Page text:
You are allowed a small number of absences which you can spent however you wish: 4 (in a MWF class) or 3 (in a TT class). Allowed absences do not excuse you from the work due or completed on the days you are absent, and some in-class activities and timely requirements cannot be replicated or made up. Save your "free" absences for a rainy (or snowy) day.
Unexcused Absences and Penalties:
Absences in excess of the number of allowed instances deduct 2 percent each from your overall grade.
In the case of serious, legitimate, and verifiable conflicts that result in absences in excess of the allowed number, the UMD attendance policy states that absences can be excused if
1. you contact me prior to, or as soon as possible after, the circumstance resulting in your absence(s)
2. you provide written documentation from an authoritative source (e.g., a doctor, the Athletic Department) which speaks specifically to the reason you were unavoidably unable to attend class that particular day.
Like the other types of absences, documented, excused absences do not excuse you from the work due or completed when you did not attend, and some in-class activities and timely requirements cannot be replicated or made up.
Tardiness and Leaving Early
In addition to your budget of allowed absences, you also have 3 or 4 instances (depending on the TT or MWF schedule) of arriving late or leaving early to use if necessary. Instances in excess of this allowance will decrease your overall grade by 2 percentage points each. If you need to leave class early, even if it's one of your allowed instances, please arrange it with me in advance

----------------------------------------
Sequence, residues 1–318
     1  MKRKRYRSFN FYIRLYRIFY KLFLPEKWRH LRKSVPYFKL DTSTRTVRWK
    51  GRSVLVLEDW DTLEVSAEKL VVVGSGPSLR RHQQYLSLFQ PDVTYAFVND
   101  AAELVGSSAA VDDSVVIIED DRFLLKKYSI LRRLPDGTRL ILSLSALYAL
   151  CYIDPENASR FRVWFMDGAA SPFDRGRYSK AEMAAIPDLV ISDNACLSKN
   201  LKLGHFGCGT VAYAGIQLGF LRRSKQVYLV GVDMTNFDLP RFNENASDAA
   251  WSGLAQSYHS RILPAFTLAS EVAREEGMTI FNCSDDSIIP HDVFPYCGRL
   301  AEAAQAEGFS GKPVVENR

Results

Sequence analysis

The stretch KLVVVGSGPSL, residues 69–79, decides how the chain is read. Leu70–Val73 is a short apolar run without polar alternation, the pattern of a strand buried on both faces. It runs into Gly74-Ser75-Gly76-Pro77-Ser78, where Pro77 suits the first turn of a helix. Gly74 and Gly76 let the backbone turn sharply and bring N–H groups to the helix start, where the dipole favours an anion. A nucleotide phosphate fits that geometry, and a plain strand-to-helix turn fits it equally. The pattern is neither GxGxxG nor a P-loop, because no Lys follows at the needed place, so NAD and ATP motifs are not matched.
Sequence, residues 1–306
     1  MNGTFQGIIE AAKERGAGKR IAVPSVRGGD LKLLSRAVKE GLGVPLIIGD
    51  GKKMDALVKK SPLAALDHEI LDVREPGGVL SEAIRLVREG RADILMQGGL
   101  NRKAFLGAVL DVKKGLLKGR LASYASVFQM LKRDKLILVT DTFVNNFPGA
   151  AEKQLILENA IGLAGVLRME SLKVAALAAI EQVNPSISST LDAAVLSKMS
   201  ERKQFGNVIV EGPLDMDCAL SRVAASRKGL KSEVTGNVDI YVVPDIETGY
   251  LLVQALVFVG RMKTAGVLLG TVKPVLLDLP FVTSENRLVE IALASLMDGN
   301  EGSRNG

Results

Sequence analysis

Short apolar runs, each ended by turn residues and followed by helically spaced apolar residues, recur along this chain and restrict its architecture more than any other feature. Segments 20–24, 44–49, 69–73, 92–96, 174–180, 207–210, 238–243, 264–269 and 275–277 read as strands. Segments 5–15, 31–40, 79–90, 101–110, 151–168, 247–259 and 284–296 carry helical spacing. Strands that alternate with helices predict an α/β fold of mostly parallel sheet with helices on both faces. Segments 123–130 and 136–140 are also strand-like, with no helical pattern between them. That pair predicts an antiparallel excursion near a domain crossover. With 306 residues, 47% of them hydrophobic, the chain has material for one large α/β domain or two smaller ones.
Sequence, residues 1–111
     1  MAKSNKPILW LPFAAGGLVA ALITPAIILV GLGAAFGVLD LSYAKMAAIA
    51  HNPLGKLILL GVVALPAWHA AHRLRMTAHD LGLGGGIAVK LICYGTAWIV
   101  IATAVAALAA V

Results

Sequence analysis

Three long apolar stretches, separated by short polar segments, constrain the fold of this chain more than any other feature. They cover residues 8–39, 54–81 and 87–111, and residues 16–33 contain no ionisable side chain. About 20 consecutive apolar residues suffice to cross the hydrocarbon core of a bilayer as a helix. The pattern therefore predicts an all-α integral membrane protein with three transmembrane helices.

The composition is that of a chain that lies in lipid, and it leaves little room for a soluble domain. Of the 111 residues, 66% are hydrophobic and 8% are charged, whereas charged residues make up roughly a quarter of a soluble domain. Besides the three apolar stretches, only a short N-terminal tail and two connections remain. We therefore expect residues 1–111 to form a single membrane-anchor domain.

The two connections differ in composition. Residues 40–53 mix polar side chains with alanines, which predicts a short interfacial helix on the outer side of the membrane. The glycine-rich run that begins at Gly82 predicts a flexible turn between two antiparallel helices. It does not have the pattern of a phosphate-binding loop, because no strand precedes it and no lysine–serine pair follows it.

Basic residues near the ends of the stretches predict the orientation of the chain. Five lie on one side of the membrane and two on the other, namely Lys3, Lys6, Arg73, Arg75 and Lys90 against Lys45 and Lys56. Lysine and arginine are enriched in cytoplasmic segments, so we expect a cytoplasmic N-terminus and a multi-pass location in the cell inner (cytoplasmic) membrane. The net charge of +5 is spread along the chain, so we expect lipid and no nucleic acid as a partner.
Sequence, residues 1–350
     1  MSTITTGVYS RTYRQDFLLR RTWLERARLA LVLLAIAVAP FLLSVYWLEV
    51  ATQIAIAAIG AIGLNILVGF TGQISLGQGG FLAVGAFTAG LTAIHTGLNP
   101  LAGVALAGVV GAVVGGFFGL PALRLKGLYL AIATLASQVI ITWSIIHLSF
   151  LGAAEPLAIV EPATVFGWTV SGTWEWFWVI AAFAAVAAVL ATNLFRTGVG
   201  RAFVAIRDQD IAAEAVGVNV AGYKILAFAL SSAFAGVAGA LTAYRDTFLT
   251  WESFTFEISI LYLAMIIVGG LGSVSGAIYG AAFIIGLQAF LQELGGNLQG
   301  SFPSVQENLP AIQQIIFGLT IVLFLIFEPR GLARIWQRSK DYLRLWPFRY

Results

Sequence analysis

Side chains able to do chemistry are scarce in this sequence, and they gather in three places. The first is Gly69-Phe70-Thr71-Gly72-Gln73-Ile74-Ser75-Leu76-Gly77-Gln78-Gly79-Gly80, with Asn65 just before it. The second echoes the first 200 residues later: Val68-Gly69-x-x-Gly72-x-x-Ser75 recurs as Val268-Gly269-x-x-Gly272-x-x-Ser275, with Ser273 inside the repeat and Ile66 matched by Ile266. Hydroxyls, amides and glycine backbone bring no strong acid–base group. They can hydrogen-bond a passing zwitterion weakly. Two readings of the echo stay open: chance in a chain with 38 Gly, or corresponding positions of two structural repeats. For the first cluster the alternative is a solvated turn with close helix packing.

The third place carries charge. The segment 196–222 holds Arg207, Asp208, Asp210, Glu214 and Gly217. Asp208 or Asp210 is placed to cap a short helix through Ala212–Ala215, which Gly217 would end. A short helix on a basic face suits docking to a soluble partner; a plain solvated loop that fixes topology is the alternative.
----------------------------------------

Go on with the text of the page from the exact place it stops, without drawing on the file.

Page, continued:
Students with Disabilities Policy
It is the policy and practice of the University of Minnesota Duluth to create inclusive learning environments for all students, including students with disabilities. If there are aspects of this course that result in barriers to your inclusion or your ability to meet course requirements – such as time limited exams, inaccessible web content, or the use of non-captioned videos – please notify the instructor as soon as possible. You are also encouraged to contact the Office of Disability Resources to discuss and arrange reasonable accommodations. Please call 218-726-6130 or visit the DR website at www.d.umn.edu/access for more information.
Incompletes for the semester will be given only in the following very limited circumstances:
- you must contact me in advance of the semester's end to make a request for an incomplete;
- no more than one or two weeks of class, or one or two assignments, can have been missed;
- you must be in good standing in the class (not already behind, in other words);
- you must have a documented family or medical emergency, as required by university policy;
- you must arrange a time table with me for completing the missed work that is acceptable for both of us.
Academic Integrity and Student Conduct